Monday, August 27, 2012

Lance Armstrong: Guilty or Not?

Dear Madame L,

I was sad to read that the U.S. Anti-Doping Agency has imposed on Lance Armstrong a lifetime ban from professional cycling and erased 14 years of his career.

That's supposedly because they have more than 12 witnesses who will testify that they saw Armstrong using performance-enhancing drugs. 

Do you believe this?

Sincerely,

Should I Keep Wearing My Live-Strong Bracelet?


Dear Believer,

Madame L is not very up on bicycling, Lance Armstrong, or the U.S. Anti-Doping Agency (USADA). But, thanks to your question, she has read a little on the subject of Mr. Armstrong's years-long battle with the USADA. A lot of analytical articles have been published online and in the print media on the subject. Here's one which Madame L found illuminating.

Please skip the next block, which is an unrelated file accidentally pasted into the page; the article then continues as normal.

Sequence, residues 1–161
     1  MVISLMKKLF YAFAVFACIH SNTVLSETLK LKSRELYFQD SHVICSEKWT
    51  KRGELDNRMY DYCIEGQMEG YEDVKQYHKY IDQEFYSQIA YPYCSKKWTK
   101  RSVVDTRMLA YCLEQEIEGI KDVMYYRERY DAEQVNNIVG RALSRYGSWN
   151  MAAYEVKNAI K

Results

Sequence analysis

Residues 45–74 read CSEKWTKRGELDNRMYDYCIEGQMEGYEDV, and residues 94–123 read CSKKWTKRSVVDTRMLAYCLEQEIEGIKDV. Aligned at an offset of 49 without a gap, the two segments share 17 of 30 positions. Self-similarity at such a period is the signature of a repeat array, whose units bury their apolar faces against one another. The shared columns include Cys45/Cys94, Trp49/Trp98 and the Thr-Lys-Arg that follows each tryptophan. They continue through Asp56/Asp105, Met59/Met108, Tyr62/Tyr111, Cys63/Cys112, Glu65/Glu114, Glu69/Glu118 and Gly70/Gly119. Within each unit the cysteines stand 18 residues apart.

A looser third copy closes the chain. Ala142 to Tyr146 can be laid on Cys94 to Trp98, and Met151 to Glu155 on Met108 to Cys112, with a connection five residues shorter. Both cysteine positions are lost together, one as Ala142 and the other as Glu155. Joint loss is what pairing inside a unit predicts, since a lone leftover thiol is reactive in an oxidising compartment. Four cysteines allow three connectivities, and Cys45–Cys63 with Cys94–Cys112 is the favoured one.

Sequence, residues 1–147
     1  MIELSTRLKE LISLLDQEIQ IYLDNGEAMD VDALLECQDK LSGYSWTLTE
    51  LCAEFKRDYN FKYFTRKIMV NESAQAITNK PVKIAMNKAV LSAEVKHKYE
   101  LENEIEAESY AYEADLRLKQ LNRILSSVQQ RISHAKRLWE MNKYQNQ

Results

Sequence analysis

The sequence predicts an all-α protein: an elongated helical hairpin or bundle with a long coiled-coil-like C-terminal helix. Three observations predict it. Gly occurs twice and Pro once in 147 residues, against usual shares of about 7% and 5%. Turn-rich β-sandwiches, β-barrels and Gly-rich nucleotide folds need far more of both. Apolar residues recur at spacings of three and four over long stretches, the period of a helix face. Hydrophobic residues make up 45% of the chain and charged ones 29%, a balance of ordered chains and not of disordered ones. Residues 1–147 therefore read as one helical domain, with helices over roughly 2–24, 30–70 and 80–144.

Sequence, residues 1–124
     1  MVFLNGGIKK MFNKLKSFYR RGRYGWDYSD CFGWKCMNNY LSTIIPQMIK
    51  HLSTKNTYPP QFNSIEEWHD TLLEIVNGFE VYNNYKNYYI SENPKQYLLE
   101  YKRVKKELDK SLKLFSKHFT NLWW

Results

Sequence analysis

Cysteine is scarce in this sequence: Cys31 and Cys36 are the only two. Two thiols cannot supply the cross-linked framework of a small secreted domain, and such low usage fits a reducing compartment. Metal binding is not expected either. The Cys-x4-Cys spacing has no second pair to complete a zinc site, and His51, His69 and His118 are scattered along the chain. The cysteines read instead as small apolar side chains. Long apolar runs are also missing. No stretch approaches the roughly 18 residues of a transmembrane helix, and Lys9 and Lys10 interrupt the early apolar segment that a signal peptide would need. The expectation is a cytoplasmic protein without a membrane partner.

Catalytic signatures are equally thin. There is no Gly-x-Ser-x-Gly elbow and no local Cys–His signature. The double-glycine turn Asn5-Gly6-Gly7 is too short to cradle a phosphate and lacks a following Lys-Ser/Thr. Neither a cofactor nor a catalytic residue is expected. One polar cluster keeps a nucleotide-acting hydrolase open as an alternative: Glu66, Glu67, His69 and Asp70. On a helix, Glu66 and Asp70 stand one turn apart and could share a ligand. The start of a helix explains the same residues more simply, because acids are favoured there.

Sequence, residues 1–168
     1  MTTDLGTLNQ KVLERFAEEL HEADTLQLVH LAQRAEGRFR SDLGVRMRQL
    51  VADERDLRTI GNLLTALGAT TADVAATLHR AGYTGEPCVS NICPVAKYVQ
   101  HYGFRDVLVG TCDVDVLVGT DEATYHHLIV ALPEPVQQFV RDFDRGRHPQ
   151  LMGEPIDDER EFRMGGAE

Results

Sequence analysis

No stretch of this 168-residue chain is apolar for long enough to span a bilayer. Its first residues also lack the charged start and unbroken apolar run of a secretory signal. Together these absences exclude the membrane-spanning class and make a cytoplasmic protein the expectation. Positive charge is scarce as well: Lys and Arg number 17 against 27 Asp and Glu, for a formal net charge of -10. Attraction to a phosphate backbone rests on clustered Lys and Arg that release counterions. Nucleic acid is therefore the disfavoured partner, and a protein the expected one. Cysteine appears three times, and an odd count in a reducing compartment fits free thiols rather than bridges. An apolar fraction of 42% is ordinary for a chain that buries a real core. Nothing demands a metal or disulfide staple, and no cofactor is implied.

And, as Madame L followed the lead about the many objections to many in the cycling community to the USADA and its methods in general and its pursuing of Mr. Armstrong in particular,  Madame L is even more inclined to give Mr. Armstrong the benefit of the doubt.

From this article, for example, Madame L learned that even the judge who ruled for the USADA recently objected to some of the USADA's methods, writing, "[T]here are troubling aspects of this case, not least of which is USADA's apparent single-minded determination to force Armstrong to arbitrate the charges against him, in direct conflict with UCI's equally evident desire not to proceed against him."